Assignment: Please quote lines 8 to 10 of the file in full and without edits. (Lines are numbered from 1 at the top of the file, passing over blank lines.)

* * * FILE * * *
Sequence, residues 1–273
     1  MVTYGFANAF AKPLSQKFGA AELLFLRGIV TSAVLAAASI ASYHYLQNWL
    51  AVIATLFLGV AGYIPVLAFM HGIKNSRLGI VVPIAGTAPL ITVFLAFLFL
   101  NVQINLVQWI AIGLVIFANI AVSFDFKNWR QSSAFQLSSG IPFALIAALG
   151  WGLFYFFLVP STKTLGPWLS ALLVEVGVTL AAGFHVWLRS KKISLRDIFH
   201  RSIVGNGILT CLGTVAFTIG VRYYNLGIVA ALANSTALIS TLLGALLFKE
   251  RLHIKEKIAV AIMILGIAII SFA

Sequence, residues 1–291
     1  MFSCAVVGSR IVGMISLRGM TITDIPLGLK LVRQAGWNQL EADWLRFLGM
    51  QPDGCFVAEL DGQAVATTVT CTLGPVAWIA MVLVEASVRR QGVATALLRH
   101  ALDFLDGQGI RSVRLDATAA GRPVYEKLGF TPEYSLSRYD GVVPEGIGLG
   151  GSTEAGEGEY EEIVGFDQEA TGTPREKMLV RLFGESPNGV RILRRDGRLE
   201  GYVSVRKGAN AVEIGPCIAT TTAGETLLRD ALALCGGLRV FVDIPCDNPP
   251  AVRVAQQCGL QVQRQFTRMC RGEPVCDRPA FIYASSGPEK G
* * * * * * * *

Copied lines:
Sequence, residues 1–291
     1  MFSCAVVGSR IVGMISLRGM TITDIPLGLK LVRQAGWNQL EADWLRFLGM
    51  QPDGCFVAEL DGQAVATTVT CTLGPVAWIA MVLVEASVRR QGVATALLRH